The first thing to note is that since mold can grow on anything, just putting your moldy cake in the same storage space as your other cakes is not automatically going to cause mold on other cakes, unless your storage environment allows it to happen (wet, basically). At 30% RH, that’s not going to happen to this reader’s storage situation. It could, however, impart a bit of a smell to the other cakes in the same container, so my advice was to put it separately, perhaps in something like an unsealed cardboard box, and just forget about it. This comes to the second point – often times the biggest problem with these traditionally stored teas, especially if they haven’t been out of their wet storage phase for too long, is that all you can taste is the musty, damp forest floor smell. The rich flavours that you can get from traditionally stored teas aren’t apparent yet, especially the sweeter flavours. To get rid of the sometimes pungent smell, the best way to deal with it is to just let it air out a bit. This is the one time when you do want a bit of airflow or at least air exchange. It takes time, but eventually the really obvious musty smell will go away and you will have something that’s more drinkable. These are probably drinkable now, but it should get better with age.

I also have friends who would brush off the spores themselves, although for your sanity and health I’d do that outdoors. Get a new toothbrush and just lightly brush them off. It really won’t change much of anything but it might look better, and to some people that’s actually an important psychological step in dealing with the tea, it seems.

When drinking traditionally stored teas, it’s often not a bad idea to throw away the first two steeps. A good old friend of mine who grew up drinking these often said the real taste doesn’t start to show up until about steep five. There’s a certain truth to that – everything before is really the storage talking. Definitely rinse the tea, probably twice, before trying it. If it’s still super pungent, you might want to let it sit some more, or throw away another infusion. Part of the fun is learning how they transform, and traditionally stored teas change in ways that are more obvious than naturally stored teas.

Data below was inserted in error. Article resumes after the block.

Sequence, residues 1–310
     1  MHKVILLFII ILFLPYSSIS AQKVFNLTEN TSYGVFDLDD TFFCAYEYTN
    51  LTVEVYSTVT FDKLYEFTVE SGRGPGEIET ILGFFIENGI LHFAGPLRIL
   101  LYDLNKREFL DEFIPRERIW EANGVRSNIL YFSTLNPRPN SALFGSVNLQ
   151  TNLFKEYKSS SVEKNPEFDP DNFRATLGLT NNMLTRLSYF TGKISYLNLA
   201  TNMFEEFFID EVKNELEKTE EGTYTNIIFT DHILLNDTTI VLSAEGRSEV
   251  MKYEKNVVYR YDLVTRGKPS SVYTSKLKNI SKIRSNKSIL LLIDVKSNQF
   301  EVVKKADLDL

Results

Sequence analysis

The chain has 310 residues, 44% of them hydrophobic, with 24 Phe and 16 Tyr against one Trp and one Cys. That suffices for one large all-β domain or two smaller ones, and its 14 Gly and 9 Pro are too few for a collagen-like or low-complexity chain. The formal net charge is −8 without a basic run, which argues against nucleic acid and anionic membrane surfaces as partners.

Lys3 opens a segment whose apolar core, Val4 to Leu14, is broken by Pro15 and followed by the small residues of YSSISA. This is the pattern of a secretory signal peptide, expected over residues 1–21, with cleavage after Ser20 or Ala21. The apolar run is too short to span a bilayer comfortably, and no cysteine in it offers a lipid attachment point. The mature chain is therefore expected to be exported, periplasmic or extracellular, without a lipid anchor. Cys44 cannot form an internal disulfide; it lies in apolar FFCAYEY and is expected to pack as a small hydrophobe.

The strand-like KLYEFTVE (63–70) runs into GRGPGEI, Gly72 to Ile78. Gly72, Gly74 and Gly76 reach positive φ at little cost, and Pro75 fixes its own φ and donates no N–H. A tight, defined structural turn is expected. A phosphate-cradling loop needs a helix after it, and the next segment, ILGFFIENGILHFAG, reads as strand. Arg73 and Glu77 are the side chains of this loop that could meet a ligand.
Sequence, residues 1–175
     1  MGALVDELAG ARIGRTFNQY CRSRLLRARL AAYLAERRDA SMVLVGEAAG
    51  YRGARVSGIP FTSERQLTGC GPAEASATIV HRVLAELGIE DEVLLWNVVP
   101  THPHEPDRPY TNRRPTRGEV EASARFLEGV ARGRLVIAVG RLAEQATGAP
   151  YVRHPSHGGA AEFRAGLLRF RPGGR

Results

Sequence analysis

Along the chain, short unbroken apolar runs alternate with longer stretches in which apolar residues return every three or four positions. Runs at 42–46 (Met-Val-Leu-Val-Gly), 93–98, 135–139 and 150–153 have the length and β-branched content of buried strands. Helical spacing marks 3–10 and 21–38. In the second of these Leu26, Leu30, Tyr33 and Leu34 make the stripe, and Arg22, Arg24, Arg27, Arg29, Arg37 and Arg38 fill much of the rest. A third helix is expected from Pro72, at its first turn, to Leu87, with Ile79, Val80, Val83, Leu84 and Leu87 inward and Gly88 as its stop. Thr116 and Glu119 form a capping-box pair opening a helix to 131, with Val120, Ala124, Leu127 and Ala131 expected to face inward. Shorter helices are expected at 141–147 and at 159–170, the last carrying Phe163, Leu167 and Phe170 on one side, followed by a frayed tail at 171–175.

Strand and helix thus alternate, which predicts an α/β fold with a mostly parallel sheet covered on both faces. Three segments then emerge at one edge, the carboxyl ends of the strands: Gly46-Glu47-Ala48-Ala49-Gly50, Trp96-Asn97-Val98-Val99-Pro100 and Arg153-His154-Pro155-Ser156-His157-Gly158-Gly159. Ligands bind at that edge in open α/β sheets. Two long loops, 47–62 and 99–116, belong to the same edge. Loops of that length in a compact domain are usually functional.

Finally, I should add that one of the most interesting things you can do is to try to find traditionally stored cooked puerh – they are actually quite different, and richer, than naturally stored ones, which tend to be rather boring. The traditional storage process also tend to get rid of the nasty, pondy taste. They also come cheaper. I’m not sure if any vendor out there is selling something like this, but if not, they should look for it because I think there’s a market for this stuff.

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Drink your tea now

April 4, 2014 · 10 Comments

Many of you reading this are probably sitting on more tea than you can consume in your lifetime, or at least some multiples of years, if not decades. For those of you who fit that description, I have a story for you.

A relative of a family friend recently passed away due to a heart attack. It seems like he was interested in a number of things, tea being one of them, and teapot being another. I was called in to take a look at what’s there, to see what can be done about it. I brought along a couple of friends who are tea vendors, since I wasn’t going to buy what could be a couple hundred cakes of stuff.

Turns out there weren’t a couple hundred cakes – there were maybe 60 or 80, plus some random liu’an, so on and so forth.

You can see some of the cakes here. You might notice a few things, one being that almost all of the tea is still shrink wrapped. The second is that they all look old. These teas seem to be purchased from multiple vendors over a number of years, but probably bought no earlier than maybe the early 2000s or so. Some of the teas are supposed to be 70s or 80s tea, more are 90s or maybe early 2000s. Some are cooked, others raw. It’s not a big collection, but it’s a collection.